Yesterday, while we were being interviewed for BBC's "Inside Out" programme, it struck me again: why the hell didn't the heart consultant at the Leeds General Infirmary make the connection between a slow pulse rate and anorexia when our son was rushed into his cardiac ward in January 2010 (see my book "Please eat...")? Especially as today I came across this excellent article which describes the connection in no uncertain terms. Surely, as a heart consultant at a leading hospital, he should have made the connection?
Saturday, 24 August 2013
Dear University Eating Disorders Researcher, Yesterday Ben and I were interviewed by the BBC for "Inside Out", to be screened in late September. As part of the slot, the BBC is also interviewing several eating disorder experts, one of which is you. So I was a little concerned when I was told that, in the course of your extensive research, you had found "no evidence whatsoever" for a genetic connection for an eating disorder. So I would like to point you towards the following resources, which are widely available, and have been compiled by recognised global leaders in eating disorders treatment, understanding and research.
Sunday, 18 August 2013
Chit chat chit chat... Yesterday saw my H and me at a large party to celebrate an old friend of my H's 50th birthday, in Kent. The last time I'd seen many of these people was when Ben was little and we lived in Kent, so all of us were doing a lot of polite-conversation catching up. Most had teenage children; indeed many of them were at the party. And all of them were tucking into the massive buffet and taking advantage of free drinks before they left for a night out on the tiles.
Tuesday, 13 August 2013
With our already rip-off UK rail fares set to rise yet again, I was lucky enough to stumble across some really cheap last minute tickets to London. So yesterday - Monday - I hopped on the train to Kings Cross where I was met by one of the mums who contributed to When Anorexia Came To Visit. Then a quick tube train to Liverpool Street Station where we met up with Becky Henry who'd been to Norwich to visit the eating disorder charity, BEAT. Then another tube to Covent Garden (where Becky was alarmed to discover the only route to the surface was via lifts / elevators or a spiral staircase). After that, we sat down and talked until early evening when I had to leave to get my train back. What a day!
Monday, 12 August 2013
Jane Smith, Director of the UK eating disorders charity Anorexia & Bulimia Care (ABC) has sent me a copy of her book The Parent's Guide to Eating Disorders. It really is a great little book, especially for parents who are just embarking on this journey and know very little about eating disorders. I've just left a review on Amazon and here is what I've said about it:
Sunday, 11 August 2013
Our fantastic network of parents of young people with and recovered from eating disorders spans the globe. Although I feel I know so very many of them as well as any of my local friends, I have only met up with a handful of them 'in the flesh'. Tomorrow I'm meeting up with Becky Henry who wrote the preface for my new book When Anorexia Came To Visit along with one of the mums who contributed her story to the book. The three of us have never met in person, yet we've 'talked' via the Net on many, many occasions. So I'm thrilled to have got hold of an 11th hour cheap-ish train ticket to London and back.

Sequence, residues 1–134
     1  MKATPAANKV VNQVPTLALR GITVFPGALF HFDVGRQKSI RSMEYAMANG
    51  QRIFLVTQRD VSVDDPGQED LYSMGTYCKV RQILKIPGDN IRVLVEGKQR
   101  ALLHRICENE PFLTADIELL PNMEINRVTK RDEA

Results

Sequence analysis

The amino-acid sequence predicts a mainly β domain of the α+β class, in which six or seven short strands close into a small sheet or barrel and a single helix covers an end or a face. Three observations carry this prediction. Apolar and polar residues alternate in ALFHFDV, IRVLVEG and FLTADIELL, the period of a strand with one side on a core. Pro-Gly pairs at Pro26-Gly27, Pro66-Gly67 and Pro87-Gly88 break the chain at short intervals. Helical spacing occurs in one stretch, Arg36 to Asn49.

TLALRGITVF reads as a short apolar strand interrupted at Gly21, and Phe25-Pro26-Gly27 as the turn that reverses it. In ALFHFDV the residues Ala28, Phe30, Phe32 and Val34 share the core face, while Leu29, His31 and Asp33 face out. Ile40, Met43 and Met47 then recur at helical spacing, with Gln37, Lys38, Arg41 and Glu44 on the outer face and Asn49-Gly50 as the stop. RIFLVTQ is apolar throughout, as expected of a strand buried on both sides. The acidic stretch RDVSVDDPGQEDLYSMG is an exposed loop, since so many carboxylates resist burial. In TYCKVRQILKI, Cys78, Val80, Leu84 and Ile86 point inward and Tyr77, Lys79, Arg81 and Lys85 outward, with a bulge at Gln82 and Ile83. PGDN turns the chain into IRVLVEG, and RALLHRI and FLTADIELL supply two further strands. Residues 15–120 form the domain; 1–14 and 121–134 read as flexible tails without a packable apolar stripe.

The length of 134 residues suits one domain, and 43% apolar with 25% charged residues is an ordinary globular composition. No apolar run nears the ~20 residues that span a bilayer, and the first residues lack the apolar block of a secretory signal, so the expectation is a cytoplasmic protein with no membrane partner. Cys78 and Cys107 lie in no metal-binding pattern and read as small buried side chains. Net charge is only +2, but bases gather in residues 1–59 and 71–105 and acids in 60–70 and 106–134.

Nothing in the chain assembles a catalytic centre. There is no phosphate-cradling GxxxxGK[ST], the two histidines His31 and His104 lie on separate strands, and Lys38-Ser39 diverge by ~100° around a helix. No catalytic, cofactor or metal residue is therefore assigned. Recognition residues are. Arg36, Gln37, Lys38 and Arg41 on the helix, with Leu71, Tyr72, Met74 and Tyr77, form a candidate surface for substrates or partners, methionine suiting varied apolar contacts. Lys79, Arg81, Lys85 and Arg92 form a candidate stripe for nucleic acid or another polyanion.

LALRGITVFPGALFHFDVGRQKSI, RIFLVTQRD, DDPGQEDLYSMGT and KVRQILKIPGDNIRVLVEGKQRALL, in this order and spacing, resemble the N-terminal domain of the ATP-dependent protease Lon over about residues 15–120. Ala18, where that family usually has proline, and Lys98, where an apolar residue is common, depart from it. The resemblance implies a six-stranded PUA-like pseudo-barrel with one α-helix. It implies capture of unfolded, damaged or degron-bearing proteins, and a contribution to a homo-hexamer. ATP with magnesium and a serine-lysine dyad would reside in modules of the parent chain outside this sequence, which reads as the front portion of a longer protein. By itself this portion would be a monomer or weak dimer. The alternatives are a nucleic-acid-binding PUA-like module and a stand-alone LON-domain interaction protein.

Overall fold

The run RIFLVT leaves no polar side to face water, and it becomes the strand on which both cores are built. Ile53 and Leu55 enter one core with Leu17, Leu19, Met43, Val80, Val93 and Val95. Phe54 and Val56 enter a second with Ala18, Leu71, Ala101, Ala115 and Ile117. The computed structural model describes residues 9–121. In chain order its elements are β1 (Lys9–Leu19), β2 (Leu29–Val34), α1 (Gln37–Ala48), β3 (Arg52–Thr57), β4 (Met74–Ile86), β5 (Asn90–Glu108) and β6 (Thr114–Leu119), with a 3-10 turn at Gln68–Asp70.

Thursday, 8 August 2013
Remember those Bad Old Days when I used to dread our evening meals? The days when Ben would down tools and go crazy, usually triggered by something as "simple" as there being too much choice on the table. And he would rant and rave in the hallway, kicking things, banging his skull until I worried I'd hear the sound of splintering bone and yelling in that deep, dark, hopeless way that an eating disorder can sometimes make its victims do? Meanwhile, I would sit there at the table, tears streaming down my face, unable to cope and feeling utterly helpless and terrified?
It's a really hard stance to take: talking about hope with eating disorders and the fact that recovery IS possible. And I am always elated when I hear about another young person who has come through an eating disorder successfully. Yet we can never escape the fact that this is a deadly illness; indeed eating disorders have the highest mortality rate of any mental illness. And today I heard of another young individual who lost their fight. It's the kind of thing that has us all kicking furniture with anger at the way this insidious illness steals victims from a beautiful and promising young life - and from their loving, supportive families.
Wednesday, 7 August 2013
Tuesday, 6 August 2013
I am thrilled to have been guest blogging for NEDA (National Eating Disorder Association) in the States about our story: read it here. I've also been guest blogging for other eating disorder sites, too, and Mumsnet, and when I get a moment I will paste in the links here. Bit busy today, having just returned from a lovely day with one of the mums who contributed her family's (positive ending!) story to my new book When Anorexia Came To Visit and who found resources like FEAST and the Around The Dinner Table forum via this blog, well over a year ago.
Monday, 5 August 2013
My new book When Anorexia Came To Visit describes the experiences of 20 families in the UK battling with an eating disorder and the obstacles they had to overcome in the UK's provision for adolescent mental health. This isn't just a book for parents, it's a book that the health professionals themselves need to read: doctors, Child & Adolescent Mental Health Services teams (CAMHS), psychiatrists, psychologists, therapists, politicians - everyone. The problem is, how do we get it to them?